A Photography Photography Photographer
In which an artist makes use of the boundless disruptions to the medium formerly known as photography.
Are you one of those people taking some pleasure in watching photography? I do not mean just looking at photographs. I mean observing the expanding role of the entire photographic machine. Seeing the increasing spread of photography’s application in culture, science, industry, and commerce – every cranny of society. The medium’s mission creep begins in the evolution of photography’s instrument, the camera, and also in the artificial intelligence that enfolds it. Again and again photography’s new powers enlarge its domain. Take cartography for example. Photography has been a mapmaker’s tool for over a century, but today cartography and photography are so interpenetrated that there are few clear lines of separation.
If my smart phone is a motion sensor, a compass, a GPS unit, and a camera, then every photograph I take is logged as a location on the surface of the planet. Enlarging these tools to an industrial scale has already provided us with Google Earth and profoundly altered our practices of way finding. As a result, millions of us routinely view robotically produced photographic views of our planet’s surface. Such imagery shows evidence of its mechanized creation with oddly stitched robo-smears of roadside or landscape – a surreal privilege for all who spend time inside Google Street view. Those of us who use such tools are familiar with these algorithmically extruded roads lined in the veneer of photographic authority.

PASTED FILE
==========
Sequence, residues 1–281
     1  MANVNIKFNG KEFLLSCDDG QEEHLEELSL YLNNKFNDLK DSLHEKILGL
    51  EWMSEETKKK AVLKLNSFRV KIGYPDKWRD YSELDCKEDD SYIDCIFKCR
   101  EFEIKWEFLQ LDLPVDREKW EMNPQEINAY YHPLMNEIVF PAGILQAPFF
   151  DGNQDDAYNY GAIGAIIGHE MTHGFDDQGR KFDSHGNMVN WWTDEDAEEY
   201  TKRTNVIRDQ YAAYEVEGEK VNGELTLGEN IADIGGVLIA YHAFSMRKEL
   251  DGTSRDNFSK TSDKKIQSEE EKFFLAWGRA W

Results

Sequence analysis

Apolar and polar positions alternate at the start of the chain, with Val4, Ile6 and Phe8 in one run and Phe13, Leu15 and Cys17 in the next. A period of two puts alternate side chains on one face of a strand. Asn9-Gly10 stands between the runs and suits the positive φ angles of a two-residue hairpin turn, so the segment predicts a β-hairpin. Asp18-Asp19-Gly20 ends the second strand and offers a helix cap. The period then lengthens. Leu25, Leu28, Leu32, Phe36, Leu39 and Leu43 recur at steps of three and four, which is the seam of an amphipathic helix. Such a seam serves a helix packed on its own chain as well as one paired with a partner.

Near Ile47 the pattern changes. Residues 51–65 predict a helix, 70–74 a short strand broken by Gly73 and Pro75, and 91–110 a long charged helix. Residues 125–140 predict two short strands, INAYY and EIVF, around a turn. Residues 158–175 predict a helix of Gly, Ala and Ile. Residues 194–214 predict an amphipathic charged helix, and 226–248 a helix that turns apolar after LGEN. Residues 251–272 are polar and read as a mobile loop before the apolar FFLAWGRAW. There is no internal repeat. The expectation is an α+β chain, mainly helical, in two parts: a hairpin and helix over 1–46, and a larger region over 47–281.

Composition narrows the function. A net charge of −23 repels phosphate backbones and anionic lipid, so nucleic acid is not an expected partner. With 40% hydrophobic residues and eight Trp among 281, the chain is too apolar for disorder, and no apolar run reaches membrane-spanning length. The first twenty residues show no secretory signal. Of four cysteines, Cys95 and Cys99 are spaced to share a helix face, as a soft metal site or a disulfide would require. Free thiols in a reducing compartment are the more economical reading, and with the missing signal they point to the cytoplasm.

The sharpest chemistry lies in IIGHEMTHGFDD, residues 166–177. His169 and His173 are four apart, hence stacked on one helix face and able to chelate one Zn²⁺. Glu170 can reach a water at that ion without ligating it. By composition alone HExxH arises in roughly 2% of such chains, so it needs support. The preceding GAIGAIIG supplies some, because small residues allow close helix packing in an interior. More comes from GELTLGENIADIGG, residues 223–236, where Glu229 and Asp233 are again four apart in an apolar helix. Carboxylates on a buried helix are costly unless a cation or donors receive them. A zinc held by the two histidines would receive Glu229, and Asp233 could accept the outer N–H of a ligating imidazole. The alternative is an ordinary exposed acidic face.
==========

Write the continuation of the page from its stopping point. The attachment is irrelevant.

The contemporary artist who is acutely aware of this is Toronto photographer Robert Burley, and he is using the medium to elucidate its own expanding utility. His current exhibition at Toronto’s Harbourfront Center is titled The New Suburb: Landmarks. And that is exactly the subject of the exhibit (Extraordinarily appropriate in the home town of Jane Jacobs and Richard Florida) But I am prompted to write this blog post by the sheer spot-on rightness of Burley’s giant vinyl renderings of photo-cartographia. I’ve been visiting Toronto for decades and had no idea that such places existed. How appropriate that my introduction to these locations included canny architectural studies with echoes of search engine.